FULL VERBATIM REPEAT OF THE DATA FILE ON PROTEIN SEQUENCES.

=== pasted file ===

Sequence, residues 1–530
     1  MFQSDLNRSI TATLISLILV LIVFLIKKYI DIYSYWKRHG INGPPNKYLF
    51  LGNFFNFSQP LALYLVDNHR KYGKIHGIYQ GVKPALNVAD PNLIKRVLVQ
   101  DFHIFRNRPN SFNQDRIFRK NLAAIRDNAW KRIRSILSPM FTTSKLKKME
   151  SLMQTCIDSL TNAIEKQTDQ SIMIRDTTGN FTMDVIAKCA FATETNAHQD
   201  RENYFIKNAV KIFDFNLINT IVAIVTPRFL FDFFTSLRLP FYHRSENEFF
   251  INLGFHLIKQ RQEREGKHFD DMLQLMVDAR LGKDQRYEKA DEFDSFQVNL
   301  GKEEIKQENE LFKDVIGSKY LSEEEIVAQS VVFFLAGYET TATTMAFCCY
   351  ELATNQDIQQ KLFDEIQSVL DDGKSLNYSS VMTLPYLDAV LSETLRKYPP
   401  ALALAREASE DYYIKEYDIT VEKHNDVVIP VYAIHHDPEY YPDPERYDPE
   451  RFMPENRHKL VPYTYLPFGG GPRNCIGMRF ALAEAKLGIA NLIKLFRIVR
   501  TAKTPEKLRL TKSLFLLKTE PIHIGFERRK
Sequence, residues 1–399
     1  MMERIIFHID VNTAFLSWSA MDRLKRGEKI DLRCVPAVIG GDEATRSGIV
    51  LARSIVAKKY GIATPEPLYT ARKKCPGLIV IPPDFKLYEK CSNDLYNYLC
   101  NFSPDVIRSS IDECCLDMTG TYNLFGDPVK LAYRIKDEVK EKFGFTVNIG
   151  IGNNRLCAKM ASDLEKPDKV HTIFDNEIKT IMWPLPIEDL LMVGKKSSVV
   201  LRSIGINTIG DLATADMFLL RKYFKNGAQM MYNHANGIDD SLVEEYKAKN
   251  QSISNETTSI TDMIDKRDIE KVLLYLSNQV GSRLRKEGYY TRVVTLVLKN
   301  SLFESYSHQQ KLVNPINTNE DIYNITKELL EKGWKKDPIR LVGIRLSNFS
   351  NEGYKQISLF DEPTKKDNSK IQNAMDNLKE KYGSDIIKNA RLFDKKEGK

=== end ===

Sequence, residues 1–530
     1  MFQSDLNRSI TATLISLILV LIVFLIKKYI DIYSYWKRHG INGPPNKYLF
    51  LGNFFNFSQP LALYLVDNHR KYGKIHGIYQ GVKPALNVAD PNLIKRVLVQ
   101  DFHIFRNRPN SFNQDRIFRK NLAAIRDNAW KRIRSILSPM FTTSKLKKME
   151  SLMQTCIDSL TNAIEKQTDQ SIMIRDTTGN FTMDVIAKCA FATETNAHQD
   201  RENYFIKNAV KIFDFNLINT IVAIVTPRFL FDFFTSLRLP FYHRSENEFF
   251  INLGFHLIKQ RQEREGKHFD DMLQLMVDAR LGKDQRYEKA DEFDSFQVNL
   301  GKEEIKQENE LFKDVIGSKY LSEEEIVAQS VVFFLAGYET TATTMAFCCY
   351  ELATNQDIQQ KLFDEIQSVL DDGKSLNYSS VMTLPYLDAV LSETLRKYPP
   401  ALALAREASE DYYIKEYDIT VEKHNDVVIP VYAIHHDPEY YPDPERYDPE
   451  RFMPENRHKL VPYTYLPFGG GPRNCIGMRF ALAEAKLGIA NLIKLFRIVR
   501  TAKTPEKLRL TKSLFLLKTE PIHIGFERRK
Sequence, residues 1–399
     1  MMERIIFHID VNTAFLSWSA MDRLKRGEKI DLRCVPAVIG GDEATRSGIV
    51  LARSIVAKKY GIATPEPLYT ARKKCPGLIV IPPDFKLYEK CSNDLYNYLC
   101  NFSPDVIRSS IDECCLDMTG TYNLFGDPVK LAYRIKDEVK EKFGFTVNIG
   151  IGNNRLCAKM ASDLEKPDKV HTIFDNEIKT IMWPLPIEDL LMVGKKSSVV
   201  LRSIGINTIG DLATADMFLL RKYFKNGAQM MYNHANGIDD SLVEEYKAKN
   251  QSISNETTSI TDMIDKRDIE KVLLYLSNQV GSRLRKEGYY TRVVTLVLKN
   301  SLFESYSHQQ KLVNPINTNE DIYNITKELL EKGWKKDPIR LVGIRLSNFS
   351  NEGYKQISLF DEPTKKDNSK IQNAMDNLKE KYGSDIIKNA RLFDKKEGK